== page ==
Crazy. Indeed. But I digress. I was rooting around for poetry, not weird teenage stories. So I shall celebrate National Poetry Month with this piece that is not suicidal or weird but appropriate for a Minnesota native who mowed the lawn yesterday for the first time this season to share at the end of April:

I hate winter:
The air drains my lungs.
The temperature thickens my blood.
The snow blinds my eyes.
The wind bites my cheeks.
The ice greases my shoes.
The fog steps on my hair.
The puddles give me a bath.
It’s almost spring.

The lowly ‘shroom

IMG_4258.JPG

Had nature any outcast face,
Could she a son contemn,
Had nature an Iscariot,
That mushroom, — it is him.

~ Emily Dickinson

Only a poet desperate to rhyme names a cat ‘Clarence’

Digging through some papers today, I found this gem, written in circa 1982 in my rebellious limerick phase:

The Movie Show

My friend says, “Come along with us,
To the movie, “Let’s Bust It or Cuss.'”
It’s about a czar,
And it’s rated R.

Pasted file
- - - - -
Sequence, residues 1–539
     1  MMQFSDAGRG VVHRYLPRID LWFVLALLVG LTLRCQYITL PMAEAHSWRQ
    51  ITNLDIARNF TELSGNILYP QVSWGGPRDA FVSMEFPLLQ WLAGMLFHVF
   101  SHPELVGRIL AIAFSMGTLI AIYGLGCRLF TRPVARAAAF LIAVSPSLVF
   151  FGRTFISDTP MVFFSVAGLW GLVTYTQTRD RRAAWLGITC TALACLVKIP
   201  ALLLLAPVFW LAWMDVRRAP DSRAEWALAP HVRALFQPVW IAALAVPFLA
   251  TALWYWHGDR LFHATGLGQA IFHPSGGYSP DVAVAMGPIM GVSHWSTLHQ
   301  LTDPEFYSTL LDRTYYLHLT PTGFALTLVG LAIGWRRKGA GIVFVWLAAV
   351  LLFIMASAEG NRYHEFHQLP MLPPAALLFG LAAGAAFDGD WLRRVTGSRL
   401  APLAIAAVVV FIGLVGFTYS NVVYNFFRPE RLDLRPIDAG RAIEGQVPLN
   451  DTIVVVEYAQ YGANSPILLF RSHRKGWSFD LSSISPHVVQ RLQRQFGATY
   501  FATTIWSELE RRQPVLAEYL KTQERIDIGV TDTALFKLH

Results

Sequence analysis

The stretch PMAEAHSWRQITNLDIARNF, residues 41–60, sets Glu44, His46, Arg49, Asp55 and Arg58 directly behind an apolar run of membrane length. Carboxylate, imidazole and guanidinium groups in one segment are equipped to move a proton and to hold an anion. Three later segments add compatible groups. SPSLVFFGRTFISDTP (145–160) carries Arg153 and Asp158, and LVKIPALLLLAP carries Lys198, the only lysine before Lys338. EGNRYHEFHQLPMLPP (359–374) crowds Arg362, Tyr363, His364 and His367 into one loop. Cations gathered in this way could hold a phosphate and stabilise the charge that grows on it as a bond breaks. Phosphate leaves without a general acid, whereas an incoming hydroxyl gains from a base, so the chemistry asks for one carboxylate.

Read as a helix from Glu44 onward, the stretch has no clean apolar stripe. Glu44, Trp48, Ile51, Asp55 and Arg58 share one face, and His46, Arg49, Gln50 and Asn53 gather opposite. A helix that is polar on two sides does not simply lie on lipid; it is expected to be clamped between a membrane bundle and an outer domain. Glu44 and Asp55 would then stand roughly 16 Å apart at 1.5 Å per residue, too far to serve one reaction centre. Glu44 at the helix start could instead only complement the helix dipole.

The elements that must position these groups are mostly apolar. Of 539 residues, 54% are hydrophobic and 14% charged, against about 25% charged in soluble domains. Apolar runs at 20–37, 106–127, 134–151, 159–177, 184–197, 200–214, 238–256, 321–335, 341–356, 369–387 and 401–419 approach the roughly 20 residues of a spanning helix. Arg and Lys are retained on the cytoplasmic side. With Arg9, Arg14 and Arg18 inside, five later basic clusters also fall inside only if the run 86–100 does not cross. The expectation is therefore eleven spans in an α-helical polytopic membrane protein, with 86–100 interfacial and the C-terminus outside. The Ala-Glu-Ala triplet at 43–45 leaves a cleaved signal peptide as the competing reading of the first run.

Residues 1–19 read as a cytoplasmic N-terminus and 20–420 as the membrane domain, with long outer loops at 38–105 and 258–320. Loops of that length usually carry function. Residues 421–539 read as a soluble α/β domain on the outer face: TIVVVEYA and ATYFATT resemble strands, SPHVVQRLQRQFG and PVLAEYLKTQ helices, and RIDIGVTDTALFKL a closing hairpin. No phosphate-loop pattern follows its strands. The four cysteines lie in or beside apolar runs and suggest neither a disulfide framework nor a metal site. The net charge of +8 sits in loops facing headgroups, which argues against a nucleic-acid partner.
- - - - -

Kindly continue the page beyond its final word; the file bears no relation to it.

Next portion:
I know my mom will put up a fuss.

I ask my mommy, and she says, “No.”
I ask my daddy, and he says, “NO!”
It’s only a movie
That I want to see.
I pleaded, I cried, “I want to go!”

But no amount of begging and stuff
Will make my parents any less tough.
They’re just mean, I guess.
I can’t leave the nest.
So I walk out on them in a huff.

I’ll go to the movie anyway,
And I won’t speak to them all day.
I know I’ll have fun.
I’ve won! I’ve won!
And I hope they won’t find out, I pray.

I tell my friend that I can go
To that super great movie show.
But she’s gonna bawl.
Her face tells it all:
“My parents said that I can’t go.”

So now I don’t feel so very bad.
I guess it was only a passing fad.
I love my parents
And my cat, Clarence.
Though they wouldn’t let me go, I’m glad.